Feeling satisfied, I tuck my notebook away then turn to the window again to check on Ayden. His bedroom light is off, so he has to be heading over. Down in driveway, Uncle Ethan and my dad are sawing off the bottom of a tree. Kale and Fiona, Uncle Ethan and Aunt Lila’s other adopted children, are with them, gathering the stray tree branches and carrying them inside the Gregorys’ home to make wreaths like they do every year.

  Ayden is nowhere in sight.

  Me: Dude, where are you at?

  He doesn’t respond.

  About a minute later, I spot him hurrying up the sidewalk from the direction of the main road with the hood pulled over his head. Instead of cutting across the front lawn, he hunkers down behind the neighbor’s fence then climbs over it into his side of the yard. With his back pressed against his house, he inches toward the front door like a ninja, clearly trying to go unnoticed. But why? And where was he for the last ten minutes or so?

  To make the situation sketchier, the instant he slips into the house, he texts me back.

  Ayden: Just got out of the shower. Be over in a couple.

  “That little liar,” I utter under my breath.

  I wait near the window until he exits through the backdoor. He waves to my dad and his, then jogs around the fence to my yard. Like always, he knocks on the door before walking in.

  My dad turns to him from the driveway and hollers, “Ayden, you can just go in!”

  I pull my earbuds out and wait for him to walk into my bedroom. When he strolls in with damp hair, as if he actually took a shower, my jaw ticks with irritation.

  “All right, buddy.” I stare him down hard. “What are you keeping from me?”

  He averts his gaze to the floor, ruffling his hair into place. “What are you talking about? I’ve been at my house.” He scratches at the corner of his eye, and I notice a phone number on the back of his hand.

  What the hell has he been up to tonight? And, better yet, who has he been with?

  And why is he lying to me?

  Chapter 2


  She has a very un-Lyric like expression on her face when I walk into her bedroom. She’s upset, maybe with me. After a week of being extra nice and agreeable, her determined attitude instantly throws me off. Then she bluntly calls me out on keeping something from her, and I know it’s only a matter of time before I spill my secret, because upsetting her will quickly wear me down.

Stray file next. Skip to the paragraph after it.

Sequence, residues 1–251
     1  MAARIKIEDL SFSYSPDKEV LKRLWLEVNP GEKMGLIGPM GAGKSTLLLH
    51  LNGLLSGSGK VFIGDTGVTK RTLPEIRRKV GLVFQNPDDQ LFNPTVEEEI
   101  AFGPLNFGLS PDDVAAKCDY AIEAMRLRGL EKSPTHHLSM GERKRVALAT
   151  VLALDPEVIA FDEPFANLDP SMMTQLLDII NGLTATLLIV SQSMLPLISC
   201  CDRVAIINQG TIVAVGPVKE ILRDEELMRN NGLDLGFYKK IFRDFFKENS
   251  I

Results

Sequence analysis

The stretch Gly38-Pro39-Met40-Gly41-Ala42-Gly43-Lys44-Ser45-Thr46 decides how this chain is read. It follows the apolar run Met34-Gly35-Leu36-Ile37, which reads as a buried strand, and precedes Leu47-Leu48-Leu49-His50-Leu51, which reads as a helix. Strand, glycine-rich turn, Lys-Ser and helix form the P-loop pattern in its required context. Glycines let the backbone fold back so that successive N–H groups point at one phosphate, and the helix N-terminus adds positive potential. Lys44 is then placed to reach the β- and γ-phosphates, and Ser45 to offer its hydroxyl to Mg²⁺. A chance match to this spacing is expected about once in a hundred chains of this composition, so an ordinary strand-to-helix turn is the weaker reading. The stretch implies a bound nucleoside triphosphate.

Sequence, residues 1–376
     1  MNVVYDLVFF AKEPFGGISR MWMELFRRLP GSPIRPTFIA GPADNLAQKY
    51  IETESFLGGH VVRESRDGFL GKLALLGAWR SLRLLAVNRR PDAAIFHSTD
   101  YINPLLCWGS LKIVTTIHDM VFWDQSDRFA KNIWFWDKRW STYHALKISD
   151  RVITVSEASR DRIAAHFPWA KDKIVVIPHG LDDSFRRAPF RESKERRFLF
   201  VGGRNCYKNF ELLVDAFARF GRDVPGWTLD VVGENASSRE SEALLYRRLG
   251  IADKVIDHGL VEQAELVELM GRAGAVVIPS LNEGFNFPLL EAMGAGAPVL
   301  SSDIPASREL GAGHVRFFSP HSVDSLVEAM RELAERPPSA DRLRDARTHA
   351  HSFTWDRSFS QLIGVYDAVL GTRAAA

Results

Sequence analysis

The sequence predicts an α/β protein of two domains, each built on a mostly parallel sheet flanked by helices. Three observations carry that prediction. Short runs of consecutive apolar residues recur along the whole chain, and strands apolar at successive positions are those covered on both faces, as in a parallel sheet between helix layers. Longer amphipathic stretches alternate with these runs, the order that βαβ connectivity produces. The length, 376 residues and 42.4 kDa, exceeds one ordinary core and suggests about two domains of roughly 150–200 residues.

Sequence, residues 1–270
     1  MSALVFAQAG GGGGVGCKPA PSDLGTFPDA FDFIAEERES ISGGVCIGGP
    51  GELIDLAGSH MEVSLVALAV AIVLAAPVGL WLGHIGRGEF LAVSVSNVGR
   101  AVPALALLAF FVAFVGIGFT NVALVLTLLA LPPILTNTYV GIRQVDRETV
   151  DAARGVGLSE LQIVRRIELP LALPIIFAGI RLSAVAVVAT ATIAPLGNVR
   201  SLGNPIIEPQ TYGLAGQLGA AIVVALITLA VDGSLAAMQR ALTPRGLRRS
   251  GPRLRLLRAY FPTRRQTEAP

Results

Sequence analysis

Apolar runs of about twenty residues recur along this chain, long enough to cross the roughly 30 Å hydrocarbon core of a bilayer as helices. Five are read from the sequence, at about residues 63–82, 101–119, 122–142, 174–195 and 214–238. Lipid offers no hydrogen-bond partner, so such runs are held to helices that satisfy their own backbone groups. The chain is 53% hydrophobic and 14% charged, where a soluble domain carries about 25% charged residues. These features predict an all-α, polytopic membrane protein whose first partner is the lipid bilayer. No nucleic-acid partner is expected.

“What do you mean?” I mess with my damp hair. Since I texted Lyric that I’d just gotten out of the shower, I actually had to get it wet in the bathroom sink before I headed over. I ended up getting the collar of my shirt wet in the process, making the back of my neck cold.

  “Don’t ‘what do you mean’ me, looking all innocent.” She strides across the room then pokes me in the chest. “You know, usually I’m cool with you not telling me stuff, but when I see you creeping up to your house all ninja style then lying to me about where you were, telling me you were taking a shower,” she rolls her eyes, “that’s when I start pressing for info. So, tell me, where’d you sneak off to tonight?”

  “I…” I trail off as she elevates her brows at me.

  For the last two weeks, I’ve spent night after night wondering if my brother’s death was a murder caused by the people who held my siblings and me captive three years ago. His body had been found near the house we’d been held hostage. If it was the same people, I worry they’ll eventually try to kill my younger sister and me. My sister who I wish I could see again, if for nothing other than to know she’s safe.

  Fear, toxic fear,

  driving me insane.

  Flooding me with rage.

  Fear, toxic fear,

  I wish you’d just disappear.

  Leave me alone.

  Get the hell out of here.

  But I know you’ll never go away,

  let me breathe again,

  until I know my sister’s safe.

  Until I know the demon has paid.

  On day five of barely sleeping at all, I decided I’d had it with the constant worry and started searching around on the Internet. I’d stumbled across a hacker and met the guy tonight in the park near my neighborhood because he refused to have business meetings over the phone or computer. Not the smartest thing to do on my part, but I’m getting desperate.